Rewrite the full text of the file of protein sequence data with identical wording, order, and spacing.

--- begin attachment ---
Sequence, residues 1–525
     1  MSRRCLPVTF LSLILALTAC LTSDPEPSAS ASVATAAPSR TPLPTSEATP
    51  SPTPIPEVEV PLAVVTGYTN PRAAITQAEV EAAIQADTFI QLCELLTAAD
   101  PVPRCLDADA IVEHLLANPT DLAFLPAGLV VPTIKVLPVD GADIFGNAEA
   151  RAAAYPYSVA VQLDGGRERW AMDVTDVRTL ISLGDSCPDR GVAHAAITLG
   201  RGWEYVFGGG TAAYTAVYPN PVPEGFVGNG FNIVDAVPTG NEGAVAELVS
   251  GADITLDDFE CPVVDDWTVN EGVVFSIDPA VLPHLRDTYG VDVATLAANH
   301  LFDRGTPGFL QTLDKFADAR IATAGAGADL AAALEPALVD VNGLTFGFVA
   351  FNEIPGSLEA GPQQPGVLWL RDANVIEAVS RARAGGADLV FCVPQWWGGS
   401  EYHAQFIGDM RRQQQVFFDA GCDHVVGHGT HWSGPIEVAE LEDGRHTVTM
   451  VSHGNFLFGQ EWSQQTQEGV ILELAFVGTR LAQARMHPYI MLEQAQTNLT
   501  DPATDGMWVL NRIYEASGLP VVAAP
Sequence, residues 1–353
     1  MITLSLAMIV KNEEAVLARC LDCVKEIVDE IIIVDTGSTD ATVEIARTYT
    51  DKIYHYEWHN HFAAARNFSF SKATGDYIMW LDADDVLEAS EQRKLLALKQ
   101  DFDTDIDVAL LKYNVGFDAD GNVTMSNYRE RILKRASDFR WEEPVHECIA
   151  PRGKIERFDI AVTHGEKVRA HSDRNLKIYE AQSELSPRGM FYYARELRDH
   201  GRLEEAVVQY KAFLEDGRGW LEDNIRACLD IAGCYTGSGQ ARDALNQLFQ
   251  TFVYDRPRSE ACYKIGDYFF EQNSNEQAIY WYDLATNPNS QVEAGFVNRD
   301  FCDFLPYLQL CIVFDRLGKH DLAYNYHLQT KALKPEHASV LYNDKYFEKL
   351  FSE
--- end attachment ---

Sequence, residues 1–525
     1  MSRRCLPVTF LSLILALTAC LTSDPEPSAS ASVATAAPSR TPLPTSEATP
    51  SPTPIPEVEV PLAVVTGYTN PRAAITQAEV EAAIQADTFI QLCELLTAAD
   101  PVPRCLDADA IVEHLLANPT DLAFLPAGLV VPTIKVLPVD GADIFGNAEA
   151  RAAAYPYSVA VQLDGGRERW AMDVTDVRTL ISLGDSCPDR GVAHAAITLG
   201  RGWEYVFGGG TAAYTAVYPN PVPEGFVGNG FNIVDAVPTG NEGAVAELVS
   251  GADITLDDFE CPVVDDWTVN EGVVFSIDPA VLPHLRDTYG VDVATLAANH
   301  LFDRGTPGFL QTLDKFADAR IATAGAGADL AAALEPALVD VNGLTFGFVA
   351  FNEIPGSLEA GPQQPGVLWL RDANVIEAVS RARAGGADLV FCVPQWWGGS
   401  EYHAQFIGDM RRQQQVFFDA GCDHVVGHGT HWSGPIEVAE LEDGRHTVTM
   451  VSHGNFLFGQ EWSQQTQEGV ILELAFVGTR LAQARMHPYI MLEQAQTNLT
   501  DPATDGMWVL NRIYEASGLP VVAAP
Sequence, residues 1–353
     1  MITLSLAMIV KNEEAVLARC LDCVKEIVDE IIIVDTGSTD ATVEIARTYT
    51  DKIYHYEWHN HFAAARNFSF SKATGDYIMW LDADDVLEAS EQRKLLALKQ
   101  DFDTDIDVAL LKYNVGFDAD GNVTMSNYRE RILKRASDFR WEEPVHECIA
   151  PRGKIERFDI AVTHGEKVRA HSDRNLKIYE AQSELSPRGM FYYARELRDH
   201  GRLEEAVVQY KAFLEDGRGW LEDNIRACLD IAGCYTGSGQ ARDALNQLFQ
   251  TFVYDRPRSE ACYKIGDYFF EQNSNEQAIY WYDLATNPNS QVEAGFVNRD
   301  FCDFLPYLQL CIVFDRLGKH DLAYNYHLQT KALKPEHASV LYNDKYFEKL
   351  FSE